TEMPE, Arizona — Tempe Police Chief Sylvia Moir’s office is not like the movies, she’ll assure you. There’s no bottle of Johnny Walker in the desk drawer, and she doesn’t spend her days in a haze of cigar smoke demanding the badges of “loose canons.” Instead, Chief Moir says she has spent a fair amount of time settling into her new position by getting to know the people with whom she now works.
Having been chief of Tempe Police for over two months now, Moir acknowledges the challenges that come with acclimating to a police force numbering upwards of 400 officers in a city of nearly 170,000 residents— a notable departure from El Cerrito, where she oversaw a department of less than 50 officers in a town of 24,000. “I don’t know everybody’s name immediately, and that bothers me,” she says.
Whereas, in El Cerrito, Moir knew everyone in the department personally, she indicates that doing the same in Tempe has not been the easiest feat. “I want to know every employee and where they are and their history— I want to know how we can challenge them and develop them … and that’s what I’m really finding some difficulty in, personally,” she states.
However, while overseeing a larger department is challenging with regard to establishing connectivity, Chief Moir believes that it has its advantages. “In many ways,” she says, “I think it’s easier. We have varied stations where people can kind of separate physically from each other, and that is a strength. Of course it’s a challenge— to remain connected— but it’s also a strength.” She continues, stating that “Sometimes it’s harder, at a smaller agency, to be police chief … we don’t have as many people to carry out initiatives— in that way it’s harder.”
When asked about her vision for Tempe as it relates to that of her predecessor, Tom Ryff, Chief Moir’s response suggests that there is some similarity. For example, when it comes to the concept of broken windows policing— a model that some residents criticized Ryff for employing— Moir states “I think it has merit. I believe in that. Similarly, I believe addressing small behavioral things early— internally and externally— really prevents big things.”
Additionally, when it comes to cracking down on parties, or the enforcement of programs like Safe and Sober, Moir appears to again align with Ryff. “I get there’s a sensitivity that we break up parties, we do all these things with underage drinking— I think that’s our responsibility,” she says. “Someone is calling us from a neighborhood to break up a neighborhood party. So someone in that neighborhood— their peace is affected as a result of a party or function, so we’re responding to restore order to a neighborhood, and I think that’s our responsibility. Similarly, I think it’s our responsibility to engage with students about the hazards of underage drinking, the hazards of binge drinking, the hazards of the other dangerous choices that young people make in their evolution as adults.”
Another issue that Chief Moir acknowledges involves past incidences of racial profiling. Recognizing the allegations that have been directed at the department, she describes some of the efforts she believes have been made to improve in that area. “One of the changes [the department] implemented is the introduction of Fair and Impartial Policing training. It brought in national and international experts to train personnel in Tempe, with a proven model of Fair and Impartial Policing— we’ve trained trainers and command staff, and now we are rolling it out to the rest of the agency. And I think that is a signal; it’s a signal that if there was systemic racial profiling in the police department, we are doing what we can to eradicate it, to address it.”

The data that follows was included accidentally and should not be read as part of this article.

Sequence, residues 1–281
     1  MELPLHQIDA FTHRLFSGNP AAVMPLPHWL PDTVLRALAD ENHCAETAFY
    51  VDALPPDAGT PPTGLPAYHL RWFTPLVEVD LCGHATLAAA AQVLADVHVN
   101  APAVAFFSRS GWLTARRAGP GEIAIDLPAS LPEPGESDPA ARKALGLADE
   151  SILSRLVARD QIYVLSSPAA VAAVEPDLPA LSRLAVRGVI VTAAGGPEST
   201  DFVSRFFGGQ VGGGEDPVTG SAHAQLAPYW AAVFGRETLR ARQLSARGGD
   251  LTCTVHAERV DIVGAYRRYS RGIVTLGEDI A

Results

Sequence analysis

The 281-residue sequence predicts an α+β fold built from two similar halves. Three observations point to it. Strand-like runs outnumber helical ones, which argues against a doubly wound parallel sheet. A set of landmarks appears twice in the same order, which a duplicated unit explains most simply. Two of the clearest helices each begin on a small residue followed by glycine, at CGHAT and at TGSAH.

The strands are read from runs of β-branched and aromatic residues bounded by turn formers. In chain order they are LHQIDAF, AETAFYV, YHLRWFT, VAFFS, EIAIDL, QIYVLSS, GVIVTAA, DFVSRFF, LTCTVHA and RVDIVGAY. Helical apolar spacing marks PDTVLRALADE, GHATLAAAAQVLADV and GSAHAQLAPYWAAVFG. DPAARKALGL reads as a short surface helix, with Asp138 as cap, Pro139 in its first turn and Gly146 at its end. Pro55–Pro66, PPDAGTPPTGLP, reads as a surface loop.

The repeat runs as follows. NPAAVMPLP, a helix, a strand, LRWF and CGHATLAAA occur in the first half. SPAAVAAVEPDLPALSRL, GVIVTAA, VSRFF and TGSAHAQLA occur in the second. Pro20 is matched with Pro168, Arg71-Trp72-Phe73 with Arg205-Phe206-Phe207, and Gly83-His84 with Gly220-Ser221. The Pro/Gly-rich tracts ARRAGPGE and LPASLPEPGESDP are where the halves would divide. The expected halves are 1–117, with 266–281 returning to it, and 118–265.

“That’s one lane of travel to address that scrutiny,” she continues. “The other lane of travel is, we are embarking on a really robust program to address all of the recommendations in the President’s Task Force on 21st Century Policing. We’re looking at all of the recommendations, we are examining internally each of those recommendations. That’s the second lane, fair and impartial policing being the first, 21st Century Policing being that middle lane, and then this outside lane, kind of visualizing it, is real engagement in procedural justice.”
“Procedural justice,” Moir explains, “argues that people are less concerned with the outcome, like a citation, and more concerned with how they were treated fairly and impartially and with dignity and respect during the encounter,” she says, adding, “we can only achieve that externally if we can achieve it internally, so we are giving our employees voice, we are transparent in our decision making, and employees are part of the decision-making process.”
At two months in, Chief Moir describes some of the perspective she has gained in her new position. “I’ve gained a lot of understanding and knowledge of where we’ve been, where we are, and where we want to go— this really compelling and aspirational future,” she says.
As for what that future holds, Moir says, “I want to create a special events unit to increase and strengthen our special event prep.” She also plans to increase growth within the department by adding sworn and professional staff. “I don’t want to just grow to grow,” she says. “I want to grow in a smart way with smart practices and a strategic plan aligned with where we need to be and aligned with city goals.”
Chief Moir finishes up the conversation by summing up her outlook on her new home: “Tempe’s great. It’s a great community; it’s so cool to live here and work here,” she states, adding, “I choose to live here, I choose to police here, and I choose to add value to the community in the way that I can.”